by Edwin Hill

I’ve worked in the publishing industry for nearly twenty years and have launched countless new books into the world. While each book and author is unique, the best launches have almost universally happened when authors knew how to partner with the publisher, and everyone understood their roles and responsibilities as part of that team.

Assemble your team

Start by thinking about who you want on your team. You might be lucky enough to have a publicist assigned to your book. You might not. If you don’t, consider hiring an outside firm to handle publicity. If that is outside your budget, call in favors and draw on the expertise of family and friends to get the word out about your book. No matter which of these paths you go down, start out by identifying your team and what role each member takes at least six months before the publication of your book.

If you are working with a publicist, talk openly about what you can bring to the table, including any connections or areas of expertise. You’ll want to make a list of fellow authors to blurb your book and any connections to bloggers and influencers you can partner with. Beyond these basics, let your publicist know about your interests. You never know when a personal fascination with fascinator hats might land you on the local news talking about a royal wedding–and plugging your book.

Ask for the plan

Three to six months before your book publishes, request a meeting with your publicity team to walk through their written plan. You might ask your agent to set up and attend the meeting as well. Before you meet, write down every idea you have, but then start the meeting by listening. You’ll likely be surprised by how much alignment there is between your ideas and your publicist’s ideas.

Every publicity plan comes with a to-do list. Be sure you leave this publicity meeting understanding exactly what your responsibilities are, and what the publisher will handle. Also, be clear on timelines and expectations.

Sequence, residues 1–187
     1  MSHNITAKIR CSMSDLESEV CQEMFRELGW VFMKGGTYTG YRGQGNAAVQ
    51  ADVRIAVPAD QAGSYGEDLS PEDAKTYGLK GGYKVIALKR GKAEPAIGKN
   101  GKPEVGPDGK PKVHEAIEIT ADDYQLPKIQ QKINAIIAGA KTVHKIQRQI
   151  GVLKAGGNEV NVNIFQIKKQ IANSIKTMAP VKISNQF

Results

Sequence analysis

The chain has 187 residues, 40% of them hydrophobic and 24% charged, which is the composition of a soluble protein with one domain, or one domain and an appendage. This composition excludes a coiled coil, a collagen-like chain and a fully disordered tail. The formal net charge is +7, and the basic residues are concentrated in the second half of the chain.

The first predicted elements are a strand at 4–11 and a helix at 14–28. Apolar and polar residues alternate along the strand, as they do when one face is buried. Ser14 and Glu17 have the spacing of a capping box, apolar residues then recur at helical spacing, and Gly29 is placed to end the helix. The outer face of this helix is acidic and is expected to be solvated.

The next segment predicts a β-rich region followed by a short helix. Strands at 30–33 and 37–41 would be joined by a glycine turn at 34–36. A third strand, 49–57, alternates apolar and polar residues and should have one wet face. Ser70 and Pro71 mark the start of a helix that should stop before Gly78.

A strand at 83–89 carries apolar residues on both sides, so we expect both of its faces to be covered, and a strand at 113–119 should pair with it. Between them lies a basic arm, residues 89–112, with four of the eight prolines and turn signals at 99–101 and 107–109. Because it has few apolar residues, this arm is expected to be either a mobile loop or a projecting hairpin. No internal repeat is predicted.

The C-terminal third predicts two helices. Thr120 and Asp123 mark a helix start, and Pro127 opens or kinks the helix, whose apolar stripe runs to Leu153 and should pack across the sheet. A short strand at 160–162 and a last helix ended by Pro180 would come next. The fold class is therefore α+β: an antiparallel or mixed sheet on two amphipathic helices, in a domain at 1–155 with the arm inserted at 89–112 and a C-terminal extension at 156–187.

If you aren’t working with a publicist, ask a fellow writer who does have one to share their publicity plan, and then mine it for ideas. You might not have access to everything that a traditional publisher has available, but in this day and age there is a lot you can do on your own.

As an author, it can be tough to remember that everyone has the same goal when it comes to your book: selling as many copies as possible. Publishers Weekly offers perspectives from both sides!

Divide and conquer

Whether you have a team of two or an army of twenty, use every possible avenue to get the word out about your book—and be sure everyone knows what their role is and what they need to accomplish. Just like with managing any team, you’ll want to assess everyone’s strengths and make sure they are assigned the right tasks. My book, Little Comfort, is coming out on August 28, and all summer long my father has been driving around the South Shore of Massachusetts talking it up with librarians. Does it hurt that he served as one of his town’s library trustees for over twenty years? Probably not!

Figure out what sticks, and keep on doing it

When you want to get the word out about anything, the more data you can gather to show that what you are doing is affecting sales, the better off you will be. Choose activities that are measurable in some way—a Goodreads Giveaway is a good example. You can measure how many readers sign up for the Giveaway, and how many keep your book on their “to be read” list after the Giveaway ends. (Goodreads Giveaways also cost money and may be out of some authors’ budgets, but that’s a topic for another post.) If something is impossible to track or isn’t returning on your investment, stop and focus on what does work.


Little Comfort by Edwin HillEdwin Hill at Career AuthorsEdwin Hill was born in Duxbury, Massachusetts, and spent most of his childhood obsessing over The Famous Five, Agatha Christie, and somehow finding a way into C.S. Lewis’s wardrobe. After attending Wesleyan University, he headed west to San Francisco for the original dotcom boom. Later, he returned to Boston, earned an MFA from Emerson College, and switched gears to work in educational publishing, where he currently serves as the vice president and editorial director for Bedford/St. Martin’s, a division of Macmillan. He lives in Roslindale, Massachusetts with his partner Michael and his favorite reviewer, their lab Edith Ann, who likes his first drafts enough to eat them.

Visit to learn more about Little Comfort.